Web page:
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Sunday, July 22, 2007

Goodnight, Tammy Faye


"The eyes of Tammy Faye" are forever closed.

Tammy Faye Bakker Messner died yesterday.

That particular news item will not prompt flags to fly at half mast, nor will heads of state be inspired to call for even a national minute of mourning. How much are you willing to wager that most evangelical blogs will not give either her life or her death so much as a passing mention, never mind offer a prayer for the repose of the soul of the undisputed, "First Lady of Televangelism"?

And yet, it seems important to note the passing of this Christian cultural icon.

This picture is of her when she appeared on Larry King Live in March 2007 to announce that she had stopped all treatment for lung cancer.

She appeared again a few days ago, just four months later, looking horrifyingly ghost-like and gaunt, weighing a mere 65 pounds, all the while rejoicing in her characteristically upbeat way that she had gained five pounds that week.

She looked so awful I wanted to turn away, and yet something about her indomitable spirit kept me glued to the television set. Then again, it has ever been thus with Tammy Faye, hasn't it?

As her second husband Roe sat sadly beside her, she was clearly laboring for breath as she spoke in unmistakably chirpy tones of her craving for a cheeseburger with fries, but had to settle for chicken soup. When asked if the doctors had told her how much time she had left, she said she didn't want to know, that she had placed her life "in the hands of the Lord" and would live each day as the gift it was.

The scandal that became her life was revealed in the documentary 'The Eyes of Tammy Faye,' by openly gay filmmakers Randy Barbato and Fenton Bailey, who captured all of Tammy Faye's bizarreness and kindness on film and exposed a new audience to her long-standing support of gay men.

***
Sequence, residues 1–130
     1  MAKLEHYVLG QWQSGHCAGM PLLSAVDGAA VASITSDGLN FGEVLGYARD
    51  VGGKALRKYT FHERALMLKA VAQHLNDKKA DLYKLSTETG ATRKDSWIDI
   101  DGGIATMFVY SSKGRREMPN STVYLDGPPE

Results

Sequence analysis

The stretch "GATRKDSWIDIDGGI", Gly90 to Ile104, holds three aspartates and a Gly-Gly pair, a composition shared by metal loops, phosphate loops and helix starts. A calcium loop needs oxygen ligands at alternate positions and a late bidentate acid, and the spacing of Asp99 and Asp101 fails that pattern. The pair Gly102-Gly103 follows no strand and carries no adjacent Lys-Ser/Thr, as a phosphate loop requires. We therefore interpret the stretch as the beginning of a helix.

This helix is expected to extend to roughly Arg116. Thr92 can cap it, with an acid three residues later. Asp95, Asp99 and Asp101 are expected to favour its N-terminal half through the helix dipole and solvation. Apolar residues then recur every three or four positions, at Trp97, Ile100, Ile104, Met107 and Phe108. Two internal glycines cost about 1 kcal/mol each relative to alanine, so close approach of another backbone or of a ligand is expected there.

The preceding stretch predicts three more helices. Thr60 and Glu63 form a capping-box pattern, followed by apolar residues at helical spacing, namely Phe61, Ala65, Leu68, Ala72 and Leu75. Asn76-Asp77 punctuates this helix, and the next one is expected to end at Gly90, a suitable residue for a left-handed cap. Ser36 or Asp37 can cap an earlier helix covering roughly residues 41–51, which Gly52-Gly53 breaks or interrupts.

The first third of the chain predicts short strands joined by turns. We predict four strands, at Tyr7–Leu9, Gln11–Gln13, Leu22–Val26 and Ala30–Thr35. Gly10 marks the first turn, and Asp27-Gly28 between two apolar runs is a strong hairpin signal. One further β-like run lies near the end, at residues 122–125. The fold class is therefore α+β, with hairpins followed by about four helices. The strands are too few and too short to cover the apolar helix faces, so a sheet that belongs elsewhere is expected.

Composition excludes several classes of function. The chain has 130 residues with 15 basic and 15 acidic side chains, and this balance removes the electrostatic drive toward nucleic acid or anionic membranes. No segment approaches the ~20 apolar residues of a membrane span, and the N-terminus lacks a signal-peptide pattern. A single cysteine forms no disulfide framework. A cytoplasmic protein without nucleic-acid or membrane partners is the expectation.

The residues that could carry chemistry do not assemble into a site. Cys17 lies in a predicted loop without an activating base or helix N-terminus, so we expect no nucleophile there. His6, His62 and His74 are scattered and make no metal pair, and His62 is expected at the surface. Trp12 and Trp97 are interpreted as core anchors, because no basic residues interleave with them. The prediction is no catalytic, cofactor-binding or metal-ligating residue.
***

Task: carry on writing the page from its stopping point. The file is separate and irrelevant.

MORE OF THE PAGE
And makeup.

Tammy Faye was born the eldest of eight children in an impoverished home in International Falls, Minn. She married Jim Bakker and together they created the first Christian talk show, the 700 Club for the then fledgling Christian Broadcasting Network. They also founded the Trinity Broadcast Network and started the Praise the Lord empire, which included Heritage USA, the first Christian theme park.

It didn't take too long before Jim was exposed for having an affair with Jessica Hahn and for selling $1,000 memberships for lifetime access to imaginary hotel rooms at Heritage USA.

Before long, Praise the Lord was bankrupt, Jim Bakker was in prison, and Tammy Faye was suffering from depression and addiction to prescription meds. Then her second husband, Heritage USA contractor Roe Messner, also went to jail for his role in PTL, and Tammy Faye was diagnosed with cancer.

Mostly because of her plunky, spunky way, she persevered, becoming endeared by thousands of gay men for many of the same reasons Liza Minnelli, Patsy Cline and Marilyn Monroe engender their fierce loyalty and support.

"I have great respect for Tammy Faye," John Waters, author of such outlandish shows as "Hairspray" once said. "She's a militant Christian fag hag drama queen. ... She's got the eyelashes; I've got the mustache. We're eyeliner headliners."